I have recently finished reading Cody Lundin’s survival guide “98.6 Degrees, The Art of Keeping Your Ass Alive” having bought it in one of my recent library additions.

This is a strange review for me for two contradictory reasons:

  • I liked the premise of the book but didn’t feel like I got much from it
  • The book was interesting but repetitive.

Cody Lundin is clearly a guy who knows his stuff.  Personally, he is a bit out-there with a spiritual, hippy attitude and outlook but he is clever and personable.  He has an attention to detail and a passion for what he does.  He actually lives the life he teaches about.


There is a lot of technical and scientific information in 98.6 Degrees. A great deal goes into explaining how the human body produces and loses energy in the form of body heat.  Lundin gives a great deal of advice on how different calorie intakes affect the body and are absorbed in different ways.

There is also a significant attention made on the mental aspects of survival.  Lundin explains that a positive mental attitude should be honed in order to have the will and fortitude to survive should you be in a life-threatening survival situation.

A section of the book is devoted to equipment and the creation of your own survival pack for every day carry.  There is some good information here about shunning the ready-to-buy survival packs and making your own to suit your requirements.   Some of this equipment can be everyday items readily available in the home. Others are simple items you need to source and add to your kit.

The book is focused on the more extremes of survival including excessive heat or cold.  Here in the UK, that’s much less of an issue.  However, Cody does stress that the vast majority of hypothermia deaths occur well within what would be considered normal ‘cold’ temperatures easily reached in the UK.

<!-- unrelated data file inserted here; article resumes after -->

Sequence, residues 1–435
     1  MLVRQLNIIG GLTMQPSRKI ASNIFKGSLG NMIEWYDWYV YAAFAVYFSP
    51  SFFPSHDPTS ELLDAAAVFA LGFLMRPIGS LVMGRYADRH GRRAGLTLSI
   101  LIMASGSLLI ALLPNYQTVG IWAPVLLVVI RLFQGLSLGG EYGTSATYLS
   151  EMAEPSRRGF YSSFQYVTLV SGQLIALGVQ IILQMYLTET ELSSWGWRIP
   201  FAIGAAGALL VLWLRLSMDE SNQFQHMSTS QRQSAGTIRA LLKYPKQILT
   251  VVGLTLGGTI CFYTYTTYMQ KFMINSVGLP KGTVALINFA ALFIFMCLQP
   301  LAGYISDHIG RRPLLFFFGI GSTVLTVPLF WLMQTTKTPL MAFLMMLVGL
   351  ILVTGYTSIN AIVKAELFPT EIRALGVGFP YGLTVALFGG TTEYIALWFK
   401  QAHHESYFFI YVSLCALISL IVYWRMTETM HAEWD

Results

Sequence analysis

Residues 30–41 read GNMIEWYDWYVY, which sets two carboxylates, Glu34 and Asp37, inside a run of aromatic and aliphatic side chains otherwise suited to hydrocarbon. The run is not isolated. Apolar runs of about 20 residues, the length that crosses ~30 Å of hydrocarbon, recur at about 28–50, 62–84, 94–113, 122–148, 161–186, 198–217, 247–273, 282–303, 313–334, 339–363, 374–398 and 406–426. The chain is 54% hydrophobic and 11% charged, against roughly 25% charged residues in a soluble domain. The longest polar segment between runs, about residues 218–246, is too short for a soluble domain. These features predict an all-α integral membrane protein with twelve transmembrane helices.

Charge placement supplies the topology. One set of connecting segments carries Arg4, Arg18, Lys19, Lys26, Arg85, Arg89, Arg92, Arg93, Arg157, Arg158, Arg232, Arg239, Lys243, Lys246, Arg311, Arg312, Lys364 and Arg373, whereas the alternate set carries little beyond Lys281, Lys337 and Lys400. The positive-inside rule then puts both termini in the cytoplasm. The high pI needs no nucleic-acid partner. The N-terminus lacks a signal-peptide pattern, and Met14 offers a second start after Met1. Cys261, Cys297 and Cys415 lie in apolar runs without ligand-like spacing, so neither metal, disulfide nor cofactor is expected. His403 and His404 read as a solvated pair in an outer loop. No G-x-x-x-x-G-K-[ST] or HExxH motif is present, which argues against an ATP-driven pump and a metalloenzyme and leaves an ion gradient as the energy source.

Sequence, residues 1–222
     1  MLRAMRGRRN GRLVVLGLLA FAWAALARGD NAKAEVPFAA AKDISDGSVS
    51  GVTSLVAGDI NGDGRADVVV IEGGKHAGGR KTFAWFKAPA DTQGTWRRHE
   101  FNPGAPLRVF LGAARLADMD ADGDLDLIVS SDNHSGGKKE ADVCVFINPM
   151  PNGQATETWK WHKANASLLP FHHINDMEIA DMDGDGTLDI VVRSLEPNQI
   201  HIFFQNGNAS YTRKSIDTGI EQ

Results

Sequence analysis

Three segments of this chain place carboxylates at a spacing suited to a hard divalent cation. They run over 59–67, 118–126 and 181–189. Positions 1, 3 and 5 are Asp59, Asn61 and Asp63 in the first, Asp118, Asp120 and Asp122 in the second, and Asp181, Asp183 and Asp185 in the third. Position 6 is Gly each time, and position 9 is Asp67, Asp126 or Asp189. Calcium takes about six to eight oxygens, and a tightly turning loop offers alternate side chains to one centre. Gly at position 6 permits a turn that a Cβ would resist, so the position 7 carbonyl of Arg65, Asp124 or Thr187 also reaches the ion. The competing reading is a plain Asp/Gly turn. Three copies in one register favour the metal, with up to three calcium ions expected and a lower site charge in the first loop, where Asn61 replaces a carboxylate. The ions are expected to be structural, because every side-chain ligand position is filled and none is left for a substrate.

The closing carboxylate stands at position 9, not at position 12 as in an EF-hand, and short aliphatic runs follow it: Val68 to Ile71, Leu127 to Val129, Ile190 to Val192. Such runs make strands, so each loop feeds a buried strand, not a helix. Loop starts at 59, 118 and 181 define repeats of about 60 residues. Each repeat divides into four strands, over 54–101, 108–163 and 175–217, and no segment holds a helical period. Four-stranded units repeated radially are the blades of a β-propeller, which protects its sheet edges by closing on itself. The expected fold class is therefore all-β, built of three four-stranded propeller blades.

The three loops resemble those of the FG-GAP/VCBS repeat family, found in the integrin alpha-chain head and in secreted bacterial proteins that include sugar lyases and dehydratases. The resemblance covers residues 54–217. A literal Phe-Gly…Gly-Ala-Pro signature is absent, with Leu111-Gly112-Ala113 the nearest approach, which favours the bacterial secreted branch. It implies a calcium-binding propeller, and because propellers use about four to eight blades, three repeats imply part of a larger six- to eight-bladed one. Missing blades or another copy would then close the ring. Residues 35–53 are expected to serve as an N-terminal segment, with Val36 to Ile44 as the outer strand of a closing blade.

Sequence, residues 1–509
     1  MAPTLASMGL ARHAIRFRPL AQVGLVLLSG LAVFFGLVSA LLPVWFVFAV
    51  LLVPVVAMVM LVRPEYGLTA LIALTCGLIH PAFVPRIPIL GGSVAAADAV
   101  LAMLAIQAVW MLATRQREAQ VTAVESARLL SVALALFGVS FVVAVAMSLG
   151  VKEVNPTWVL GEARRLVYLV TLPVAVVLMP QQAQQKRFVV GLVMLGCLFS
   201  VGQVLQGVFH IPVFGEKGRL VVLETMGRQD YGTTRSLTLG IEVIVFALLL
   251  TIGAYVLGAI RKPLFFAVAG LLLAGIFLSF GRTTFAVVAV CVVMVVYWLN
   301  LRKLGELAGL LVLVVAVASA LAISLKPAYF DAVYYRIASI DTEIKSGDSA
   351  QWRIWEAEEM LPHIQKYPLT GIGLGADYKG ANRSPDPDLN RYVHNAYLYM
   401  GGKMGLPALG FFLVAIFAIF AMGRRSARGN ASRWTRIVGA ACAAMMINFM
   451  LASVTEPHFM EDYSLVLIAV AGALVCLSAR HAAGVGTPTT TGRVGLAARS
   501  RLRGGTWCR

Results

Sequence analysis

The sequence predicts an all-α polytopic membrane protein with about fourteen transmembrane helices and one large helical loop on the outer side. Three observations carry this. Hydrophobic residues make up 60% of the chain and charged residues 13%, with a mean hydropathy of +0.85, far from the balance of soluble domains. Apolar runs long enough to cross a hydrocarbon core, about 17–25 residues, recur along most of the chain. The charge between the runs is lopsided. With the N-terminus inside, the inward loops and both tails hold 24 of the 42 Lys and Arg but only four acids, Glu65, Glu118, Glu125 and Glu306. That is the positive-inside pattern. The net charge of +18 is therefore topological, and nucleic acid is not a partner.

Writing Style and Readability

There are two approaches that Cody takes in his writing style. Firstly, he knows that in order to become knowledge, information must be read several times.  Secondly, he develops characters for his writing and has illustrations to go with these characters.  Whilst great in principle, I had issues with both of these in this book.


I get it that we need to read things several times in order to absorb that information into knowledge.  However, this book felt simply repetitive.  I can’t put my finger on why it doesn’t work but I finished the book thinking that not much of it had sunk in and I needed to read it again.The addition of some more practical diagrams may have helped to absorb the technical detail in a more visual way.

Characters and Illustrations

I can only put this bluntly.  The addition of Cody’s characters or their illustrations scattered throughout the book contributed nothing to my experience of reading 98.6 Degrees.  I don’t think they added anything at all to the book, no helped with the understanding of the survival information.  I am not sure what their purpose is beyond trying to further the attempt to make Cody’s writing style ‘casual and cool’.

Final Thoughts

I liked 98.6 Degrees but it didn’t really make enough of an impact, at least first time around.  It’s not a huge book so a re-read is not a huge undertaking. I got enough from the book to want to do that at some point.  I believe that it was an opportunity lost in that a slightly better writing style would have made this book exceptional.